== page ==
The Problem With Beyonce The Feminist


This week Beyonce released an album and the Internet exploded in a round of applause calling her a feminist icon. I’m not going to get into the fact that her lauded declaration was her saying, “I think I am a feminist in a way”, or even being to unpack the debate around sexuality and the presentation of her body in her clips. I do feel that sexuality is empowering, and your body is your own to do what you want with. But I take issue with the use of clearly non feminist rhetoric disguised as empowerment.

In her track “Drunk In Love” Beyonce stumbles along a beach, and clings to her man while he raps “In ’97 I bite, I’m Ike Turner, turn up”, referencing an abusive relationship. Or when she moans, “We woke up in the kitchen saying ‘How the hell did this shit happen?’, oh baby”. When Katy Perry sang about getting wasted and blacking out on “Last Friday Night” we were mortified at the message, Beyonce does it and everyone calls their mum to tell them to get an i-Tunes account.

On “Flawless” she goes as far to repeatedly used the word bitch, a strange juxtaposition to her sample of Nigerian novelist Chimamanda Ngozi Adichie’s work We Should All Be Feminists.

The album’s cultural and musical worth aside, one does need to ask if it’s deserving of the feminist masterpiece title it’s been so hastily awarded. Beyonce is a strong woman who’s made a lot of money doing what she’s good at, there is no debating and disrespecting that, but her infallibility does raise questions of how we treat our icons.

Are we really so desperate for a feminist face that we accept any interpretation of our cause?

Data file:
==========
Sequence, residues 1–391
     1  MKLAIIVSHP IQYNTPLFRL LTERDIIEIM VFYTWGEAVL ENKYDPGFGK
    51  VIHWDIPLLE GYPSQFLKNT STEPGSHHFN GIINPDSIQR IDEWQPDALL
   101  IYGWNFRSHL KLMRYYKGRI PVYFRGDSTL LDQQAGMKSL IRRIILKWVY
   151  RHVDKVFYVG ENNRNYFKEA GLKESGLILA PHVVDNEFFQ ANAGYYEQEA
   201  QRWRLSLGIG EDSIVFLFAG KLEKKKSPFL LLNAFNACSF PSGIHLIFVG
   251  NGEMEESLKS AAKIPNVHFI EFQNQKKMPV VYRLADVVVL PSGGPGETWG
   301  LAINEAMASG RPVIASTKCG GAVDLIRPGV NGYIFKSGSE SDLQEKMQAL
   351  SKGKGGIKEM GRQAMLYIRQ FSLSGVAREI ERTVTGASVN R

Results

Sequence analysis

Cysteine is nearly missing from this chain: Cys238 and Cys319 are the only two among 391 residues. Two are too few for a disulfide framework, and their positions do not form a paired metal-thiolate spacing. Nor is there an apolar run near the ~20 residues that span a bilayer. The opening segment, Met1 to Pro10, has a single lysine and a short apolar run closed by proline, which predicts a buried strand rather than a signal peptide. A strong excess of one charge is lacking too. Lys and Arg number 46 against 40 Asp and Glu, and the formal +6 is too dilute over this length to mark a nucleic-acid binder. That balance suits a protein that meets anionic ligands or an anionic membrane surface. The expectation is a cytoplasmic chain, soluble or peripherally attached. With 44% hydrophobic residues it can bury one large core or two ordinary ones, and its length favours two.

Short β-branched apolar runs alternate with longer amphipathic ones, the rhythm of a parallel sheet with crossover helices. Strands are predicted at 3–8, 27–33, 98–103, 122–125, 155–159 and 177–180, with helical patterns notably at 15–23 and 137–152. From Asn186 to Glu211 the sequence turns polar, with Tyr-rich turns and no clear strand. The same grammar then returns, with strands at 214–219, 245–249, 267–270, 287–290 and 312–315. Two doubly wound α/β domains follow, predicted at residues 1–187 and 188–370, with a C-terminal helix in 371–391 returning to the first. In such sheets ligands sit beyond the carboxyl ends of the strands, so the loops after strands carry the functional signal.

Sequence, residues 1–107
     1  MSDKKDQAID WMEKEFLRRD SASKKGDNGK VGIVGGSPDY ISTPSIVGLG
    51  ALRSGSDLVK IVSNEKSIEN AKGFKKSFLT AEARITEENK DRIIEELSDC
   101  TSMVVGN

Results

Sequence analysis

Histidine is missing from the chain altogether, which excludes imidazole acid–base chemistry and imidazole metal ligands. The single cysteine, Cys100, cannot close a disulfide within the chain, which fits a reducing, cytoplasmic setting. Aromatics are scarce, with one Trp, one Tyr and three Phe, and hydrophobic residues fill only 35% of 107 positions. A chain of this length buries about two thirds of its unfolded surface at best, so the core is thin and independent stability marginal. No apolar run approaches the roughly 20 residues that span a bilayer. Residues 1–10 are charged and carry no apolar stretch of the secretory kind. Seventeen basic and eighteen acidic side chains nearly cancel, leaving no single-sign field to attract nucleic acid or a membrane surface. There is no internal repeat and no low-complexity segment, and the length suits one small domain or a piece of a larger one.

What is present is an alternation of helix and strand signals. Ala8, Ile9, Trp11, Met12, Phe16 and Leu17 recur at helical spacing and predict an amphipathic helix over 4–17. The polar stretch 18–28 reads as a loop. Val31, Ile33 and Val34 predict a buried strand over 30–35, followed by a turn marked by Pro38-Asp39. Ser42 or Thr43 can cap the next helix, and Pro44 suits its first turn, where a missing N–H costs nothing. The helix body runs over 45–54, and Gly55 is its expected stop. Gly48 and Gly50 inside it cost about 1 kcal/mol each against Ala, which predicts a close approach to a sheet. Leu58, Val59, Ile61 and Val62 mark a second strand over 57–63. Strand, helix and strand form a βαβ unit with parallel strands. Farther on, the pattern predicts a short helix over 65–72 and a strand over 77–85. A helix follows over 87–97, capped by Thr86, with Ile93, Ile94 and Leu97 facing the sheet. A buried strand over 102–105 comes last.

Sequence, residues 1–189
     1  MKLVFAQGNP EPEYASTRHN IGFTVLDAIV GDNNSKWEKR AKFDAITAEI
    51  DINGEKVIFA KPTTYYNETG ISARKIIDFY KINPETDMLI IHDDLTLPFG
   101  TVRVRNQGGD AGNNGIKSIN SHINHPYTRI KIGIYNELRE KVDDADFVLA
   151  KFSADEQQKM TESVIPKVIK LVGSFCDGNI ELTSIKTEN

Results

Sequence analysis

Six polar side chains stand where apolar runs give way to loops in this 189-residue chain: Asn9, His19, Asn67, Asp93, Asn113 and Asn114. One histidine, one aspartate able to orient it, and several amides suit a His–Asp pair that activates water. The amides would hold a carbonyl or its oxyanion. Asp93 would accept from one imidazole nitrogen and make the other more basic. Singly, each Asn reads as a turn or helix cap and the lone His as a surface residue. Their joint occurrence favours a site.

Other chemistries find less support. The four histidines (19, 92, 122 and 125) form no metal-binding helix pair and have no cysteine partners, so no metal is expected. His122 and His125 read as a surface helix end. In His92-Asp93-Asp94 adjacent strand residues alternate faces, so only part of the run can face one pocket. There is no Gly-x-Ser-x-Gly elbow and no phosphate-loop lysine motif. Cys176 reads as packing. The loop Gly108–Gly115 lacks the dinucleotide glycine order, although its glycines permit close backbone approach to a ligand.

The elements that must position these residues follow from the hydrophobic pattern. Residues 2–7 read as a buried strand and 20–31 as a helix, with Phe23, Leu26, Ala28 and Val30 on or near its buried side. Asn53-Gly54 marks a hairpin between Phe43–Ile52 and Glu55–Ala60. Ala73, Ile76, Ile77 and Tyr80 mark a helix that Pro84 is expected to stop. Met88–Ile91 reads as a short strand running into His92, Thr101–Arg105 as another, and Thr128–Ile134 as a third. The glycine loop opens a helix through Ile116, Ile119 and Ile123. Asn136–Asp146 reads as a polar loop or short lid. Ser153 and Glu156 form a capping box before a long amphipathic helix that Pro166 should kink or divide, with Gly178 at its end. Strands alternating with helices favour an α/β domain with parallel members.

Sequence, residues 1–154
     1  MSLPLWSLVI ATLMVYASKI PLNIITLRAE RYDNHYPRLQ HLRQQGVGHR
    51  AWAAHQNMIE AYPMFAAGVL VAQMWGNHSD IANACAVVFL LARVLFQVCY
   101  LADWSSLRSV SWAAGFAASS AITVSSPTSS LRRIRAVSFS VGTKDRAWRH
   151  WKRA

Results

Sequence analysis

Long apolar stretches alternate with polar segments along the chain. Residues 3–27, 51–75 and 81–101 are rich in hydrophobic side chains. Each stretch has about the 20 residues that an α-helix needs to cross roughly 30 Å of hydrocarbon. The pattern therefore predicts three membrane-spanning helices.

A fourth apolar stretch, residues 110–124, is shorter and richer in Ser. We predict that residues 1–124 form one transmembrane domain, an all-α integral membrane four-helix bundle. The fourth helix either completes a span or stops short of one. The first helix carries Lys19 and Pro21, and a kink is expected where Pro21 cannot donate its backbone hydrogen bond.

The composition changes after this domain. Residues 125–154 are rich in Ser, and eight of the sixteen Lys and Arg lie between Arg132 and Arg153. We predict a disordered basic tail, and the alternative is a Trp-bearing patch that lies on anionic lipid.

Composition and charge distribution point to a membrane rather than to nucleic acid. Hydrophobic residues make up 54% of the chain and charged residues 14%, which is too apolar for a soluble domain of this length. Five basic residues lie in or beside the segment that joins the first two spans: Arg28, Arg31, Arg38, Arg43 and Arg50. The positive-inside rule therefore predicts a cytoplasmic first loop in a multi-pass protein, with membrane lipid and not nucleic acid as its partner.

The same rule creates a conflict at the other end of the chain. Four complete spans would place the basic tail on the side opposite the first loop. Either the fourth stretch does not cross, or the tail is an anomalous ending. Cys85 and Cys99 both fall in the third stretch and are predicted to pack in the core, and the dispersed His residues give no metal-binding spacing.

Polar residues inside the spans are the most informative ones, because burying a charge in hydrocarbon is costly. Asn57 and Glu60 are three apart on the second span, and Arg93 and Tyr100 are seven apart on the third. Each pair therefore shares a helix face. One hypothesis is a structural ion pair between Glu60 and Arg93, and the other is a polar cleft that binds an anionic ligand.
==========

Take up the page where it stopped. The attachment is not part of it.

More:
To use a name, and not really, truly represent and live it, you devalue it. The worst thing we could ask for is for feminism to become a buzzword. Do we want it to devolve into a get out of jail free card to act how you want and be forgiven? Make a misogynistic comment? Call yourself a feminist. Present yourself as a role model and then fuck it up? Call yourself a feminist.

I have nothing against iconic celebrities, I’m a sucker for pop culture too. But I worry when someone, no matter their gender, reaches a point where we don’t question them and their message. A month ago Kim Kardashian also writhed around with a rapper she loved in a video clip—she was lambasted and mocked. Why was her performance so much more offensive than when Beyonce writhed around with a rapper she loved in a video clip? It’s because Kim hasn’t (and probably never will) reach that rare public level where she is golden.

We tear her to shreds because she’s seen as dumb, shallow and slutty. Personally I think a woman who turned a sex tape into a media empire should be lauded. Show me one other pop culture figure who took control of a negative situation like that. And as for our selective hatred for those who live in a fantasy land of wealth, Beyonce’s kid has a $5,200 crystal bathtub.

But I want to stop here to say I’m not simply condemning Beyonce, but rather using her as a mirror to examine the way we speak and our double standards. Our words are the most powerful things we have, so lets not lessen their value by overusing terms like feminism, or let ourselves down by wasting our most powerful weapon on shaming other women.

There’s no doubting that Beyonce is a great talent, but I hope in the future she considers her words more closely.

 Words by Wendy Syfret



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